CAIRO — Organizers of a mass protest against Egyptian President Mohammed Morsi claimed Saturday that more than 22 million people have signed their petition demanding the Islamist leader step down, asserting that the tally was a reflection of how much the public has turned against his rule.
The announcement adds to a sense of foreboding on the eve of opposition-led mass demonstrations that many fear could turn deadly and quickly spin out of control, dragging the country into a dangerous round of political violence.
The demonstrations planned for Sunday reflect the growing polarization of the nation since Morsi took power, with the president and his Islamist allies in one camp and seculars, liberals, moderate Muslims and Christians on the other.
There is a sense among opponents and supporters of Morsi that Sunday's rally is a make or break day. The opposition feels empowered by the petition, known as Tamarod, or Rebel, but it offered no proof regarding the figures. If verified, it would mean that nearly double the number of people who voted for Morsi a year ago are now calling for him to step down.
"Honestly, if (Sunday) is not a game changer, we might all just pack up our bags and leave," said Mahmoud Salem, a prominent blogger known by his blog's name Sandmonkey and a vocal critic of the Muslim Brotherhood, from which Morsi hails.
While violence is likely in such a tense atmosphere, Salem said it would not play out in favor of Morsi supporters because they will be outnumbered.
"They have alienated everybody," he said. Even if no violence breaks out, Salem said civil disobedience is expected in a movement designed now to "save the country."
Morsi's supporters, on the other hand, question the petitions, saying his opponents are led by members of the ousted regime of Hosni Mubarak who are trying to orchestrate a comeback and are instigating violence.
"Today and tomorrow will be the real birth of this nation," said Hani Salaheddin, a presenter on the Muslim Brotherhood-affiliated TV station Misr 25, predicting that Sunday will bring an end to the questioning of Morsi's mandate.
"Tomorrow is the end of every corrupt person," he said, as the slogan "legitimacy (of the ballot box) is a red line," appeared on the screen.
Already, clashes across a string of cities north of Cairo over the past week have left eight people dead, including an American and a 14-year old, and hundreds injured. Clashes broke out outside offices of the Muslim Brotherhood and its party in at least five different governorates, and rival protests turned into violent confrontations.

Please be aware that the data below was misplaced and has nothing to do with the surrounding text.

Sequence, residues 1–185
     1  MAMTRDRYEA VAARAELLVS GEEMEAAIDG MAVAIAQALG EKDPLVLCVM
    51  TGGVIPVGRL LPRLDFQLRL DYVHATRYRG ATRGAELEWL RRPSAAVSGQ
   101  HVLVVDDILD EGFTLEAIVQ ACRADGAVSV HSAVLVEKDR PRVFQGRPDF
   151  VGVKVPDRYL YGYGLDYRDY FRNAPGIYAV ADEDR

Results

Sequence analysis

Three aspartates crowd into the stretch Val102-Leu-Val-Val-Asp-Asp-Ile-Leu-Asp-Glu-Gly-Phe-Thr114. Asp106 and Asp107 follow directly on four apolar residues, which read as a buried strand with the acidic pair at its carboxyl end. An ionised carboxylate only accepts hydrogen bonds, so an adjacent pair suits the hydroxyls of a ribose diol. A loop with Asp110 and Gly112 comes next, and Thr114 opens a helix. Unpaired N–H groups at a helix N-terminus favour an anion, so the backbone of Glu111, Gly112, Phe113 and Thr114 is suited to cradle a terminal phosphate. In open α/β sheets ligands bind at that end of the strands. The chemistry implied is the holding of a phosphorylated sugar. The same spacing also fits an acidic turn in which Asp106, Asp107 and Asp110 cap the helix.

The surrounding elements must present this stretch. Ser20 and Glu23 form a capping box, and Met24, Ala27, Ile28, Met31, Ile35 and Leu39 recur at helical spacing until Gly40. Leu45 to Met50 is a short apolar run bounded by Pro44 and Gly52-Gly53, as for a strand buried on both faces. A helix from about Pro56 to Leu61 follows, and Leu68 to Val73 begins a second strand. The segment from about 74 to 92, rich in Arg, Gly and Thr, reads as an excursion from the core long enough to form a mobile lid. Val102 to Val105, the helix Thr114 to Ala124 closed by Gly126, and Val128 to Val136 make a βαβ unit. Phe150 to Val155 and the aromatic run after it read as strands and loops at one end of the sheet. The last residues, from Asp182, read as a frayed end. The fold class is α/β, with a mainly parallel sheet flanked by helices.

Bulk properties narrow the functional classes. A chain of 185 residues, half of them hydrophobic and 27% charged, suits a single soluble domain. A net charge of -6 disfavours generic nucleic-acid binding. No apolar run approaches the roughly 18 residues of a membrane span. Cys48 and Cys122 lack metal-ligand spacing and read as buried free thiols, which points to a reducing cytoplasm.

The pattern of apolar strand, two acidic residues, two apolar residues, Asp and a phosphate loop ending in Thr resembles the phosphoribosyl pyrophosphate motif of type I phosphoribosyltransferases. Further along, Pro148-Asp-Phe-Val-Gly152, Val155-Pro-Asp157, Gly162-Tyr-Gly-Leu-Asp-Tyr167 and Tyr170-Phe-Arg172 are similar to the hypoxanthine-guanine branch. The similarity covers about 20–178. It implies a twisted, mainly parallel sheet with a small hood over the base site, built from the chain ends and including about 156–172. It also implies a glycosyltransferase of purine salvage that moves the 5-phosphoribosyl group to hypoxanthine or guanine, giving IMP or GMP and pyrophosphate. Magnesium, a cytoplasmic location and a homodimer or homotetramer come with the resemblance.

Thousands are still taking part in rival sit-ins, in place since Friday in Tahrir Square for opponents and in an east Cairo suburb, Nasr City, for supporters of Morsi.
An Associated Press reporter saw Morsi supporters at a Cairo sit-in doing military-style fitness drills, with some wearing homemade body armor and construction helmets and carrying sticks. They said they had no intention of attacking opposition protesters, and would only act in self-defense or to protect the nearby presidential palace.
Highlighting the nervousness over Sunday's protests, President Barack Obama said the U.S. is working to ensure its embassy and diplomats in Egypt are safe after the 21-year old American was killed in Alexandria, Egypt's second largest city. He urged all parties to refrain from violence and the police and military to show appropriate restraint.
Adding to the tension, eight lawmakers from the country's interim legislature announced their resignation Saturday to protest Morsi's policies. The 270-seat chamber was elected early last year by less than 10 percent of Egypt's eligible voters, and is dominated by Islamists who support Morsi.
A legal adviser to Morsi also announced his resignation late Saturday in protest of what he said was Morsi's insult of judges in his latest speech.
With a sense of doom hanging over the country, Defense Minister Gen. Abdel-Fattah el-Sissi last Sunday gave the president and his opponents a week to reach a compromise and warned that the military would intervene to prevent the nation from entering a "dark tunnel."
Morsi had called for national reconciliation talks but offered no specifics. Opposition leaders dismissed the call as cosmetics.
Exchange of accusations was running high Saturday, in a rivalry that has increasingly been portrayed by Morsi supporters as an attack on Islamists in power.